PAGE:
Halloween. Odds are, you think of it as one of the best holidays of the year. If you really stop to think about Halloween and all the bizarre traditions that go along with this beloved holiday, however, you may start to actually wonder… wherein the world did all these crazy traditions come from? Costumes, monsters, trick or treating, jack-o-lanterns… well, all this batty stuff had to start somewhere, right? Here are 12 things about Halloween that you may not know!
1. Ireland Is Believed To Be The Birthplace of Halloween.
The ancient Celtic Festival called Samhain was first celebrated more than 2,000 years ago in County Meath. The Celts believed it was a time of transition when the veil between this world and the next came down, and the spirits of all who had died that year moved on to the next life. But if the boundaries between the worlds of the living and the dead overlapped, the deceased could come back to life and wreak havoc among the living. Not a good thing.
Today the ancient past and the twenty-first century come together at the annual Spirits of Meath Halloween Festival, where a re-enactment of the Celtic celebration kicks off with a torchlit procession through town. The Irish welcome Halloween with bonfires, party games and traditional food, including a fruitcake that contains coins, buttons, rings and other fortunetelling objects. In ancient times, it was believed that if a young woman found a ring in her slice, she’d be married within the next year.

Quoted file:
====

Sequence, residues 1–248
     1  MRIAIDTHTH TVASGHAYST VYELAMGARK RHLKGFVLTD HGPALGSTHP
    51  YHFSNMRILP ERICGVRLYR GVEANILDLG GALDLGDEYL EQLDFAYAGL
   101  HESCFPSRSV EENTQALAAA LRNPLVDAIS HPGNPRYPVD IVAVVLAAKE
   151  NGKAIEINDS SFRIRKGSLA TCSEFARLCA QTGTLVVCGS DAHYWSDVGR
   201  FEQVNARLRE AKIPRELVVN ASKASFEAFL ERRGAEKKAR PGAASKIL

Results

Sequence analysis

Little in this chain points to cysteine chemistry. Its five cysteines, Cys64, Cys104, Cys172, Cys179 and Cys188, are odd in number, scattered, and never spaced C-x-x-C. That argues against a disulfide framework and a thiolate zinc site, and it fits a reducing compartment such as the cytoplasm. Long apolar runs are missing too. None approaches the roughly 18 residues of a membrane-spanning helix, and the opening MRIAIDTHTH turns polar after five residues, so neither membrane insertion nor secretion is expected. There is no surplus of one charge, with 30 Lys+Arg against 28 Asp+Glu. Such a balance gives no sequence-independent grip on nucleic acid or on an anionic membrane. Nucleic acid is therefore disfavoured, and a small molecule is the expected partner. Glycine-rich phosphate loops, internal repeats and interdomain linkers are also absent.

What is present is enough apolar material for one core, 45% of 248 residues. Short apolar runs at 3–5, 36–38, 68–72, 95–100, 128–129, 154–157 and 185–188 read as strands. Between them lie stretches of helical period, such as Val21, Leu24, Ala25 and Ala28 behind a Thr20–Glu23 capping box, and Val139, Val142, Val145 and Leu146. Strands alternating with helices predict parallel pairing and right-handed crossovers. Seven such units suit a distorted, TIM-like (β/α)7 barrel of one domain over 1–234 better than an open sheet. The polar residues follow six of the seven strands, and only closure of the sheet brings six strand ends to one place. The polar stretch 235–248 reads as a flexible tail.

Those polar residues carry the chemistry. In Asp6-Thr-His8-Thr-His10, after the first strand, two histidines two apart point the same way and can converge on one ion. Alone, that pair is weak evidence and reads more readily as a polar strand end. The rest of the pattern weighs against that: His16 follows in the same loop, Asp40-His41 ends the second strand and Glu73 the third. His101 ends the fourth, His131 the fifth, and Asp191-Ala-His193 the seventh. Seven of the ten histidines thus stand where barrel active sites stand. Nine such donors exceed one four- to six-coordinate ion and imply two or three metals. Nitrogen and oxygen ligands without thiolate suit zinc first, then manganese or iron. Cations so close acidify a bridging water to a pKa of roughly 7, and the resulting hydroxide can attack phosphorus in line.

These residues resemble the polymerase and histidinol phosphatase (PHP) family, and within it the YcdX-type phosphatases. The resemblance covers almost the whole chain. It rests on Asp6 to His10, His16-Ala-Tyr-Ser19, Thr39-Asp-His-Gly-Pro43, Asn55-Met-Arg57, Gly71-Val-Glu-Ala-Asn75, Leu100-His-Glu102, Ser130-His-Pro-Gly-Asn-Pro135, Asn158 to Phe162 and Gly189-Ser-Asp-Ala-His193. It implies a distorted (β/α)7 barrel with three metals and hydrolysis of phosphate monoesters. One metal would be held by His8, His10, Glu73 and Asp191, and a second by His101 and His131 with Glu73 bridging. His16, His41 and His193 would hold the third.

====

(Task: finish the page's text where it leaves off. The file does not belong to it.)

2. Candy, Candy, and More Candy.
Trick or treat candy is a hugely important part of Halloween celebrating. October 28th is the day of the year that has the highest number of candy sales, which can obviously be attributed to getting ready for Halloween celebrating. Any guesses as to what the most popular variety of trick or treat candy might be? Apparently, you can never go wrong with Snickers.
3. Being Scared Can Actually Feel Really, Really, Good.
During the Halloween season, more than any other time of the year, normal everyday folks across the country will try to scare themselves on purpose. Horror movies and haunted attractions will pop up in local communities and folks will flock to attend these events with great excitement. The truth is that scientific evidence has shown that for some folks, getting scared in a safe environment can be not only pleasurable but also pretty darn euphoric.
4. The Timing Is Important.
The name Halloween is a contraction of All Hallow’s Evening, also known as the night before All Saints Day (“hallow” is the Old English word for saint). Christians around the world have marked the Triduum of All Hallows since the 8th century AD. The three-day observation includes All Hallows’ Eve (Hallowe’en), All Saints’ Day (All Hallows’) and All Soul’s Day, and lasts from October 31 to November 2. It is a time to remember the dead, including martyrs and saints.
5. People Wore Masks So Ghosts Couldn’t Recognize Them.
Back in the day, the Celts worried about bumping into the ghosts they believed came back to the earth on Halloween. To avoid being recognized, people would don masks when they left their homes after dark in hopes the ghosts would mistake them for fellow spirits. These days folks are willing to spend a bundle in their attempts to be mistaken for pop culture icons and internet memes.